Chris Christie’s Costly Indecisiveness
WaPo's "Top Christie ally defects to Bush" buries the lede.
WaPo‘s “Top Christie ally defects to Bush” buries the lede.
As New Jersey Gov. Chris Christie tries for a political revival with New Hampshire town halls and Iowa diner stops, he won’t have one of his longtime friends and political advisers at his side.
New Jersey state Sen. Joseph M. Kyrillos, who chaired Christie’s 2009 gubernatorial campaign and ushered his agenda through a Democratic-controlled legislature, is backing former Florida governor Jeb Bush’s all-but-certain presidential bid.
Tim Miller, a Bush spokesman, confirmed Kyrillos’s support Monday as well as a $10,000 donation Kyrillos made in March to Bush’s political-action committee.
The defection of Kyrillos to Bush’s camp is a blow to Christie, who places a premium on loyalty and had hoped to keep his network of allies in New Jersey with him, should he decide to seek the Republican nomination.
Not only is Christie losing a confidant, but a plugged-in operative and former state party chairman who is close with New Jersey’s biggest donors. In 2008, Kyrillos chaired Mitt Romney’s presidential campaign in the state.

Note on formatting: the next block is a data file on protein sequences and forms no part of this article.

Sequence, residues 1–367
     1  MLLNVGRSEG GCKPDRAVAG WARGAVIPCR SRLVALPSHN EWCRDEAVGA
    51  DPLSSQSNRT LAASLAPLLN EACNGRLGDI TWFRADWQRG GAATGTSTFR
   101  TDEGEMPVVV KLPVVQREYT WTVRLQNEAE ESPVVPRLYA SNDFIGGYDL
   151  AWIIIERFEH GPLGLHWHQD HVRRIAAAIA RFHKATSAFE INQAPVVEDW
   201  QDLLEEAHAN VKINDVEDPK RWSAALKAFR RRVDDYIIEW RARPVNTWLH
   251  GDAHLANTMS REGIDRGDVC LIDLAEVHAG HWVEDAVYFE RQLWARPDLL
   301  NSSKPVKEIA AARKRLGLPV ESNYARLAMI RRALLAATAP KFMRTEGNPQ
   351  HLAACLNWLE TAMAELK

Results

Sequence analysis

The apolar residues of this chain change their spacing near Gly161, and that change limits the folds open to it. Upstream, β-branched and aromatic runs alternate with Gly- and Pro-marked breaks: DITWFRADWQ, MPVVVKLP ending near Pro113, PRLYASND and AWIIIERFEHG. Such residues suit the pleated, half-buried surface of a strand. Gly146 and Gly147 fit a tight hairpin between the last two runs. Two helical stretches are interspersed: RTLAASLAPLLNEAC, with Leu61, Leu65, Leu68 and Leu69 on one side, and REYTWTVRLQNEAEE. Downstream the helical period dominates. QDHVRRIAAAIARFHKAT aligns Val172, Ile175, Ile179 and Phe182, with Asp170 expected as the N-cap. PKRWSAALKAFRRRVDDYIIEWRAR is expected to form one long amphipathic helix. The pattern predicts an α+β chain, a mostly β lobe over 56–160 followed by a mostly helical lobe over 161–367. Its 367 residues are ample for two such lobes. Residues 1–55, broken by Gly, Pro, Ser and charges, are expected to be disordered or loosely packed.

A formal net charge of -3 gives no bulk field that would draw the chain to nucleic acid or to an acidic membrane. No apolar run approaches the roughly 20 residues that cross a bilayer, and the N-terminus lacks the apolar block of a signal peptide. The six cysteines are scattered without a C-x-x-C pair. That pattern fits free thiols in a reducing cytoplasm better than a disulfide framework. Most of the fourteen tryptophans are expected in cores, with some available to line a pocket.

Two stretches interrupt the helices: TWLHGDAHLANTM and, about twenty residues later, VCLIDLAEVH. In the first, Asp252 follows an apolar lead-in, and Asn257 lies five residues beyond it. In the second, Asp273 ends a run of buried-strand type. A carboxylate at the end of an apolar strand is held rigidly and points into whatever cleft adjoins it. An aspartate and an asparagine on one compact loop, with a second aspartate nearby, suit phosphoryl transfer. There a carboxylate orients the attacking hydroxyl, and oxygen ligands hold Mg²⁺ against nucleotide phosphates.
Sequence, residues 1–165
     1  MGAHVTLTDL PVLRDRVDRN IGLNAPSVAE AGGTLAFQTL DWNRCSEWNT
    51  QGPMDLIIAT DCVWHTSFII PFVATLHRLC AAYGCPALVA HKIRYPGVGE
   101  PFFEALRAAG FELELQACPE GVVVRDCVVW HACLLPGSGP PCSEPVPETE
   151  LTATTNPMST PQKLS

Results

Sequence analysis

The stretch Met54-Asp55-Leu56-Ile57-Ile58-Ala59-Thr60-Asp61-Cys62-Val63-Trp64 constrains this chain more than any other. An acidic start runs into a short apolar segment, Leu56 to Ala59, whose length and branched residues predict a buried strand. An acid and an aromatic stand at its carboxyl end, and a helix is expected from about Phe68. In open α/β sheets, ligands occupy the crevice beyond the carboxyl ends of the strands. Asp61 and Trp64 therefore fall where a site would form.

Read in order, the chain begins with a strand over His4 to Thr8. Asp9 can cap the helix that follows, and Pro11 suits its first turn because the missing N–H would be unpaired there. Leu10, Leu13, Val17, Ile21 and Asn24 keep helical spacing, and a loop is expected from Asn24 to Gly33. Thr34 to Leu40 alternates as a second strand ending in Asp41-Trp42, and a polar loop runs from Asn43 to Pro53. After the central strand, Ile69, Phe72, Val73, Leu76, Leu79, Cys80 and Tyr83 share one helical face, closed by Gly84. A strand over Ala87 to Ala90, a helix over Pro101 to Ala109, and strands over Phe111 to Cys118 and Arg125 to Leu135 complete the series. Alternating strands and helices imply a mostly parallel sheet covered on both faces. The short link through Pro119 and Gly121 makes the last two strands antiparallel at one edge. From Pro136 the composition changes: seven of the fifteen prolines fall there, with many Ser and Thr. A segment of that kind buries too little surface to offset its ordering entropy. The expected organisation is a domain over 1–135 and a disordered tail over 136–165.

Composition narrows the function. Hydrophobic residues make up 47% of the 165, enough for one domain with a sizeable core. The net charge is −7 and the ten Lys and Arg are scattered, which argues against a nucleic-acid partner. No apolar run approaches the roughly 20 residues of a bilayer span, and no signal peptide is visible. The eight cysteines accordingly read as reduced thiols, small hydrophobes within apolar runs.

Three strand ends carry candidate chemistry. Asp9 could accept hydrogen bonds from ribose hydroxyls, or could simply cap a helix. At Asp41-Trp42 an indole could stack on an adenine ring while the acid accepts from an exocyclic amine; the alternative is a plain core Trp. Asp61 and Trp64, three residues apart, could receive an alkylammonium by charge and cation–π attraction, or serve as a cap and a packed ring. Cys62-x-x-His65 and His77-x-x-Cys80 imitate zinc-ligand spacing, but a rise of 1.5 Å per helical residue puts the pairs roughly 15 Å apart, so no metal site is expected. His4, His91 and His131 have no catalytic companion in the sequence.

Kyrillos is one of several influential Christie associates whose ties to the governor have frayed in recent months. Many power brokers who once cheered his rise are now either hesitant to back Christie as he eyes a campaign for the White House, or shifting allegiances.
Were Christie in the race, the “defection” of a key ally would be the correct emphasis. But the fact is that the race is already underway and Christie has been eliminated. He had next to no chance of winning the nomination, anyway, which he presumably realizes and explains why he’s not more formally running. But it’s too late at this juncture for anybody but a rock star to jump in. And I can’t offhand think of who that rock star might be.